MacLeish Field Station
The Ada and Archibald MacLeish Field Station, a uniquely liberal arts field station, is a 250-acre patchwork of forest and pasture land in nearby Whately that provides opportunities for all members of the Smith community (students, faculty, staff, and alum) to pursue artistic inquiry, environmental research, outdoor education and low-impact recreation. Students are integral to the field station: they help steward the land, design programs for their peers and participate in making key decisions in the operation of the field station. The Bechtel Environmental classroom provides meeting and dry laboratory space for MacLeish users.
Whether holding a meeting, launching a class into the surrounding woods, or warming up with a cup of tea, the classroom building is the hub for Field Station activities. The building contains a seminar and lecture space, a "dry" lab room, a small office, and a kitchenette. Constructed in 2012 with grant support from the S. D. Bechtel Jr. Foundation, the building was designated as the fifth fully certified Living Building, having completed the rigorous Living Building Challenge overseen by the International Living Futures Institute. The building’s innovative design is a teaching tool in itself and you are welcome to request a tour and visit. The building is available for Five College classes, independent student projects, and staff functions and can be reserved on 25Live or contact Paul Wetzel, field station manager, at email@example.com if 25Live is not available to you.
MacLeish Field Station represents a classic New England landscape with unlimited potential for faculty and student projects with guidance and support from the field station manager and other CEEDS’ staff. At MacLeish there is space to think big and try new ideas. Such as outdoor art projects and installations or taking a deep dive into New England landscape history. The multi-aged forests provide sites for environmental research, poetic inspiration, or the backdrop for dance or theater productions. Current and old pastures encourage investigation into pasture management, field biology, or invasive plant species ecology and mitigation. Small streams and vernal pools provide locations for aquatic investigations. To discuss potential projects, contact Paul Wetzel, field station manager, at firstname.lastname@example.org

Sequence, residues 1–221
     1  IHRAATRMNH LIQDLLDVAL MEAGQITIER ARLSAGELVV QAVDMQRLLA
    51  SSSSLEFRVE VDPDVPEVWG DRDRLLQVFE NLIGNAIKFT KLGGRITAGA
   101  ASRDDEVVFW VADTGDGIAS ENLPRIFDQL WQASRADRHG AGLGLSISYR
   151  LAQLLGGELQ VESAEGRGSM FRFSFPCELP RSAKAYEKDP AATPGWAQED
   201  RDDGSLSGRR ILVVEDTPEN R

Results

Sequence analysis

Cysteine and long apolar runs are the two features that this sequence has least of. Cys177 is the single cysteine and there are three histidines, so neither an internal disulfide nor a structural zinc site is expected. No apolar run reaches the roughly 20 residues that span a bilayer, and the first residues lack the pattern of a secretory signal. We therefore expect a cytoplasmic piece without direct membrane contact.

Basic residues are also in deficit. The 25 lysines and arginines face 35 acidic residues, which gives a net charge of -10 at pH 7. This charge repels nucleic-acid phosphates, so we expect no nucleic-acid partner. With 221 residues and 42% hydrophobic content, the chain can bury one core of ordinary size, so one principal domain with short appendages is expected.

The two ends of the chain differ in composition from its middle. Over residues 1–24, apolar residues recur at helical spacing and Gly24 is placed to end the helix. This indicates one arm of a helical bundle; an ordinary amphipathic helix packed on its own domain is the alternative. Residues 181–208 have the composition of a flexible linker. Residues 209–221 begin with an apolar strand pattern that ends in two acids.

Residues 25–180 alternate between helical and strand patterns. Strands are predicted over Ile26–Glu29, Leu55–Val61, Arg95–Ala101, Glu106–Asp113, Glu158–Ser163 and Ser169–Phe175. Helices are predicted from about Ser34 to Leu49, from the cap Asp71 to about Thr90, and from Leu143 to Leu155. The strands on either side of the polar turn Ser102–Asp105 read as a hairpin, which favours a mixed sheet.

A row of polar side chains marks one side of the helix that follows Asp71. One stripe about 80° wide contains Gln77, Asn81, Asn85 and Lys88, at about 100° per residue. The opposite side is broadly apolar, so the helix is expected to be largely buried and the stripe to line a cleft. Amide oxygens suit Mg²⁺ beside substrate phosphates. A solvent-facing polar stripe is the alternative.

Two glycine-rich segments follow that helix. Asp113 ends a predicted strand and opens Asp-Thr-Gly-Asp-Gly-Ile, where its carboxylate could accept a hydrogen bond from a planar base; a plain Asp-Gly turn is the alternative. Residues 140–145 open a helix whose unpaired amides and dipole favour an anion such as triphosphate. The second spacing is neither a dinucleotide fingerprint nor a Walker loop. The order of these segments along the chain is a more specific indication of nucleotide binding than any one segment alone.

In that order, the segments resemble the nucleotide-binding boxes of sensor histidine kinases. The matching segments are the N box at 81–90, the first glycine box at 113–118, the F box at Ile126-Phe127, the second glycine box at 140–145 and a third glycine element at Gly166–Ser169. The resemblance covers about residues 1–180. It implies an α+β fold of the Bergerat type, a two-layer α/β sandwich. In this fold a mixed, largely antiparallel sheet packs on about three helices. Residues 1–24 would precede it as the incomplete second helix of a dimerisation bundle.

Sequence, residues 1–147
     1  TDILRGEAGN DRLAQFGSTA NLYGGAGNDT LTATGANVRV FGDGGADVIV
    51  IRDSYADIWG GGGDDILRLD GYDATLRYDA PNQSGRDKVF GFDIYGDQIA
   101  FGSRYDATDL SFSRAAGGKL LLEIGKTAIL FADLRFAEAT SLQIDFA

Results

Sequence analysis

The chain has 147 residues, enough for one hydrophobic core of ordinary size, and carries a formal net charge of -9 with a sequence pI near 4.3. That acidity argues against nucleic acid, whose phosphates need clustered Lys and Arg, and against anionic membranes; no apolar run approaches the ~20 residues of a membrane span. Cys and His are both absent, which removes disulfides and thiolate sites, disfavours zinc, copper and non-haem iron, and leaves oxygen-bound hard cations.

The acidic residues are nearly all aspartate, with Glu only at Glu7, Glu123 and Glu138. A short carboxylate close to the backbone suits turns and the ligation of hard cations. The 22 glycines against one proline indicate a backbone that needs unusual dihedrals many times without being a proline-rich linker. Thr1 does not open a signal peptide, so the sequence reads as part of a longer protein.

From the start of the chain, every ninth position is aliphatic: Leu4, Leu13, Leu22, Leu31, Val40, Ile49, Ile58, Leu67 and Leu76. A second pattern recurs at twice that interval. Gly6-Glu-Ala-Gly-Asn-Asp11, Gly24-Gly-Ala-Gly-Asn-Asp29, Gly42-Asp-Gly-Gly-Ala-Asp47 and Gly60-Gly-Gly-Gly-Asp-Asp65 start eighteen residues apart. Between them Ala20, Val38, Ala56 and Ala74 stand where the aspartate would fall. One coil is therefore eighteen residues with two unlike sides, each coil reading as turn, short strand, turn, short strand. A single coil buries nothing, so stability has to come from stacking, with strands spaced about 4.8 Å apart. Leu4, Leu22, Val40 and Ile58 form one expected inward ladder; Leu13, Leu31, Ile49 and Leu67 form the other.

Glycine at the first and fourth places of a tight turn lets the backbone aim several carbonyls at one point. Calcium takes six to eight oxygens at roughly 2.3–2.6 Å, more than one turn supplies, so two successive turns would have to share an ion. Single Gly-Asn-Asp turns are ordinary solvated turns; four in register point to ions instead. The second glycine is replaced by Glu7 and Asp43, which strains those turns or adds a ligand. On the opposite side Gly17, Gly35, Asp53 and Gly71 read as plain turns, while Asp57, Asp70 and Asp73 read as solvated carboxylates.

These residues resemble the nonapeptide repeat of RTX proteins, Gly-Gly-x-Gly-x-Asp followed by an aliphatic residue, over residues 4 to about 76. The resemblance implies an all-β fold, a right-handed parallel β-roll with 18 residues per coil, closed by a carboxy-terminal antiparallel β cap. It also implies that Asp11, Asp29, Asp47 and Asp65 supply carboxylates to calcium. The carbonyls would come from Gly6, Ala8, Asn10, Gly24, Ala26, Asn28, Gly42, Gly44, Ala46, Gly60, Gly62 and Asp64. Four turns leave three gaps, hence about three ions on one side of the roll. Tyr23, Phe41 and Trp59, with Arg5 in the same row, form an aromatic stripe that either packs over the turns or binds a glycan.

The Arts Afield program is designed to encourage work in, and collaboration across, the arts, humanities, and sciences at the Ada and Archibald MacLeish Field Station. Named for an artist and a poet respectively, the field station has always been a truly liberal arts space, home to scientific research, art installations, dance programs, writing retreats, star-gazing programs, and much more. Arts Afield formalizes that commitment.
One aspect of the Arts Afield program is modeled on a common academic research station model, the Long-Term Ecological Research Program, and adapted for Smith’s liberal arts mission. Ten “research plots” for the arts and humanities have been created at MacLeish, where artists, visitors, and students alike are invited to pause, reflect, and create.
Arts Afield is an initiative of the Center for the Environment, Ecological Design, and Sustainability (CEEDS), and is co-chaired by Joanne Benkley, Associate Director of ES&P and CEEDS and Michele Wick, a lecturer in psychology.
To Understand a Tree, an ongoing, multi-disciplinary project of current Artist-in-Residence, Gina Siepel.
Ecotones - the earthwork sculptures designed and installed at MacLeish by artist Gabrielle Russomagno. Ecotones comprises two distinct temporal art works—The Tell of Grass (2021) and Grounding (2022)—made with materials harvested from the 190 acres of hilltop forest.
Arts Afield Long-Term Ecological Reflection program plots on this website created by Tess Abbot ’19.
Weather conditions are monitored continuously in two locations at MacLeish: above the forest canopy atop a 25 meter tower and in a forest clearing at 2–10 meters above ground. Weather variables measured at both stations include atmospheric pressure, temperature, relative humidity, solar radiation, and wind speed and direction. Soil moisture and temperature at various depths to 1 meter below ground are also measured at the forest clearing site. These data provide a record of localized weather conditions to support research projects at MacLeish. Please contact Paul Wetzel, field station manager, at (email@example.com; 413.585.2646) for access to the weather and soil data.